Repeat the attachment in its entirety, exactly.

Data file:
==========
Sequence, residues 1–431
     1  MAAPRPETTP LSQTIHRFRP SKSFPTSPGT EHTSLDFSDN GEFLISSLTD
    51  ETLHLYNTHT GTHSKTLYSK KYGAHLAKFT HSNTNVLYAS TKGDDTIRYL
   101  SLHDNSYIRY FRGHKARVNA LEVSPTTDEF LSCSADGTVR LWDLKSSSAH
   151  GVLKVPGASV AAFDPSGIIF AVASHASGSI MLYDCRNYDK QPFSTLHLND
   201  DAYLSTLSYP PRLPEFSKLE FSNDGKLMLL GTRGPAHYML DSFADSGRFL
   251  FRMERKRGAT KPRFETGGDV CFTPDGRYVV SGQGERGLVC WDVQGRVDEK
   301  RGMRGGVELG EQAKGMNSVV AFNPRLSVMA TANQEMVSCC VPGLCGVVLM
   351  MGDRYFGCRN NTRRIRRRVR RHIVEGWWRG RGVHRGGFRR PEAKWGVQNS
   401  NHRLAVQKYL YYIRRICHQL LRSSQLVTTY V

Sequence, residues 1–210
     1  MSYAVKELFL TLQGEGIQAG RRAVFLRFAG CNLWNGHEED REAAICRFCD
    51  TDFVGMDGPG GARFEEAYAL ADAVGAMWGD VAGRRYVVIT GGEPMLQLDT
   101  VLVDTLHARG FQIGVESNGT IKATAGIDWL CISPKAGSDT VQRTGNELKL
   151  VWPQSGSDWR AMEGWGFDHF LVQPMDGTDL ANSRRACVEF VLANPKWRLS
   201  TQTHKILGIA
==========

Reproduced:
Sequence, residues 1–431
     1  MAAPRPETTP LSQTIHRFRP SKSFPTSPGT EHTSLDFSDN GEFLISSLTD
    51  ETLHLYNTHT GTHSKTLYSK KYGAHLAKFT HSNTNVLYAS TKGDDTIRYL
   101  SLHDNSYIRY FRGHKARVNA LEVSPTTDEF LSCSADGTVR LWDLKSSSAH
   151  GVLKVPGASV AAFDPSGIIF AVASHASGSI MLYDCRNYDK QPFSTLHLND
   201  DAYLSTLSYP PRLPEFSKLE FSNDGKLMLL GTRGPAHYML DSFADSGRFL
   251  FRMERKRGAT KPRFETGGDV CFTPDGRYVV SGQGERGLVC WDVQGRVDEK
   301  RGMRGGVELG EQAKGMNSVV AFNPRLSVMA TANQEMVSCC VPGLCGVVLM
   351  MGDRYFGCRN NTRRIRRRVR RHIVEGWWRG RGVHRGGFRR PEAKWGVQNS
   401  NHRLAVQKYL YYIRRICHQL LRSSQLVTTY V

Sequence, residues 1–210
     1  MSYAVKELFL TLQGEGIQAG RRAVFLRFAG CNLWNGHEED REAAICRFCD
    51  TDFVGMDGPG GARFEEAYAL ADAVGAMWGD VAGRRYVVIT GGEPMLQLDT
   101  VLVDTLHARG FQIGVESNGT IKATAGIDWL CISPKAGSDT VQRTGNELKL
   151  VWPQSGSDWR AMEGWGFDHF LVQPMDGTDL ANSRRACVEF VLANPKWRLS
   201  TQTHKILGIA